One of the things I love about VA is they truly care about the Veteran and they do not want to over burden the Veteran with unnecessary obstacles.
This is a great example of common sense when it comes to VA loans.
Any time a Veteran is bringing 4% or less of the sales price or NOV to the closing table you do not have to source the funds. You have to show they have them but you do not have to source them.
There is a difference between proving you have the funds which is required in above scenario and sourcing where those funds came from. So, on VA if less than 4% just get proof they have it and that is all we need.
Side Note: If you give us a bank statement and it has a huge deposit right before current balance we would require an lox to make sure it is not borrowed but that is all we would need.
The reason is VA is pretty much all 100% financing anyway so why complicate things. Above would happen if Veteran paying own closing costs or not enough entitlement.
Flagstar uses very common sense underwriting and one of the things I love about my underwriters and managers.
What is the Fed Discount Window
Here is some interesting information that helps you sound smarter at a cocktail party and one step closer to understanding the Central Banking System.
The Fed Discount Window actually was a window that banks went to in order to borrow money from the Fed in order to maintain proper reserves if a bank had excessive withdrawals of funds out of their bank on any given day.
Currently there are 5,503ish banks insured by the FDIC and as part of the Federal Banking System.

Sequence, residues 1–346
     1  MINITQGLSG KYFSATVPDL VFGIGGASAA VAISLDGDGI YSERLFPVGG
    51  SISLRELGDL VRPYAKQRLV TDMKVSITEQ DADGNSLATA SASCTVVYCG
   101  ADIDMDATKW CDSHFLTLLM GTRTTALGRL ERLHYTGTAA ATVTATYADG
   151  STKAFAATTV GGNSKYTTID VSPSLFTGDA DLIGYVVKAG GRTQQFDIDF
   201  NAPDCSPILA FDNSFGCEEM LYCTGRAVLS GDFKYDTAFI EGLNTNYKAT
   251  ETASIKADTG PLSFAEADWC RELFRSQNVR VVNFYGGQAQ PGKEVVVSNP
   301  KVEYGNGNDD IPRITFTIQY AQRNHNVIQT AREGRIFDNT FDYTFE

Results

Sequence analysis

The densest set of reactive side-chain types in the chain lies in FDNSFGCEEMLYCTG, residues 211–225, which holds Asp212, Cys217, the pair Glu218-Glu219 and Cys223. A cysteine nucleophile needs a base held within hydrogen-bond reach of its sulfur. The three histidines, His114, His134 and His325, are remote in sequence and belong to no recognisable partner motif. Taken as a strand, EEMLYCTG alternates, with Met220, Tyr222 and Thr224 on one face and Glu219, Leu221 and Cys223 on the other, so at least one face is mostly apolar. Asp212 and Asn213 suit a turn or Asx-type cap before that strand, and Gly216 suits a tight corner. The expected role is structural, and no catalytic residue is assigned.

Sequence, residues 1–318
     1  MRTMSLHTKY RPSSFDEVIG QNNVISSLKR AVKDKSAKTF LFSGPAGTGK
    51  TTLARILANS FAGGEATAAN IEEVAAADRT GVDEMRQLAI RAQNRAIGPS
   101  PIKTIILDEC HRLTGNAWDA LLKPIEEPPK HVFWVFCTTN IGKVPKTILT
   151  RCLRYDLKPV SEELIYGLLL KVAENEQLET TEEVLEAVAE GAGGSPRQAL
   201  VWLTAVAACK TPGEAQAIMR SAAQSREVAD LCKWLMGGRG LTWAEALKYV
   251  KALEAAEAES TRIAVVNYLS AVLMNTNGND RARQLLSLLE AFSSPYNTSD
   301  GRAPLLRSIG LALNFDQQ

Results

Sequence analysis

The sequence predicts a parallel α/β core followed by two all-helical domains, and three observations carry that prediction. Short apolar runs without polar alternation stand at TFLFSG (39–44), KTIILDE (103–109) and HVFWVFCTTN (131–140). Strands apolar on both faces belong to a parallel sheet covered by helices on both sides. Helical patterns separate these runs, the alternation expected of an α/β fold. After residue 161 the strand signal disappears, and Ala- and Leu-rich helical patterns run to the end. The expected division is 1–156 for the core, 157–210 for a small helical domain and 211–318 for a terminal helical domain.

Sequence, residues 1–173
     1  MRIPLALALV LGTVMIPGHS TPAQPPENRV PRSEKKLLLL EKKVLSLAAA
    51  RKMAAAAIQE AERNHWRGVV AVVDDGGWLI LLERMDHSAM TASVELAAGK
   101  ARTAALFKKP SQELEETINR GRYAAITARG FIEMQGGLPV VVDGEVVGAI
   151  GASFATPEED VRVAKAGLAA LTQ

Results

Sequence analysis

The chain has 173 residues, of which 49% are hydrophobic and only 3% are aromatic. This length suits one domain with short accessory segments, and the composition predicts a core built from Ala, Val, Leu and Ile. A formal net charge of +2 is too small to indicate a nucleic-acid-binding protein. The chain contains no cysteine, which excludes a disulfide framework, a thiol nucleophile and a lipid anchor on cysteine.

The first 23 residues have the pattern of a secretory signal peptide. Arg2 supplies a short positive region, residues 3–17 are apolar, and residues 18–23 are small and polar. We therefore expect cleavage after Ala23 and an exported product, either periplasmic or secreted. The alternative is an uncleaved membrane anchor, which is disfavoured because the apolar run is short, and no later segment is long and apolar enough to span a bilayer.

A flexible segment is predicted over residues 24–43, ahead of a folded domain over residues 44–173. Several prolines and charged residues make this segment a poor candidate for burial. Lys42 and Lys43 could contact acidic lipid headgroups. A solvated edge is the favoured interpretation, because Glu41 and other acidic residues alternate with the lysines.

Of those 5,503, 900+ took a loan from The Fed for whatever reason last year or 2020 I think. As a standard, The Fed discount window is a lender of last resort when a bank needs funds but almost 20% of banks borrowed from the Fed. Many times because it is much easier but it is more expensive which is not good for banks bottom lines.
The reserve requirement is set by the Fed and usually ranges between 0 and 10% with 10% being the preferable amount. So total deposits x 10% would be what they would need in actual funds if a customer wanted to withdraw funds. If they do not have the required reserves available at the end of the day they must borrow from another bank or the Fed to keep them within policy. During the pandemic the reserve requirement was lowered to 0% to help banks manage their business and for depositors to begin depositing again.
The discount window has a Primary, Secondary and Seasonal lending rates.
Primary is a solid bank that needs funds for whatever reason and provides collateral for said funds and pays a rate of interest to The Fed then pays it off on a short term basis but allowed up to 90 days.
Secondary means The Fed looks a little closer, other banks are not willing to lend to them and The Fed is a bit pickier on collateral and why they need the money and is usually only lent to them overnight and not 90 days.
Seasonal means for example Christmas time depositors withdraw a ton of money to buy Christmas presents and reserves on hand need replenished so a temporary loan is given through the Fed discount window.
You must be a member of the Central Banking System to go to the Fed Discount window which means you become a member and are required to keep a certain amount of reserves with the Fed which is what they use to fund loans. Having this system keeps the entire financial system liquid and bank runs a thing of the past.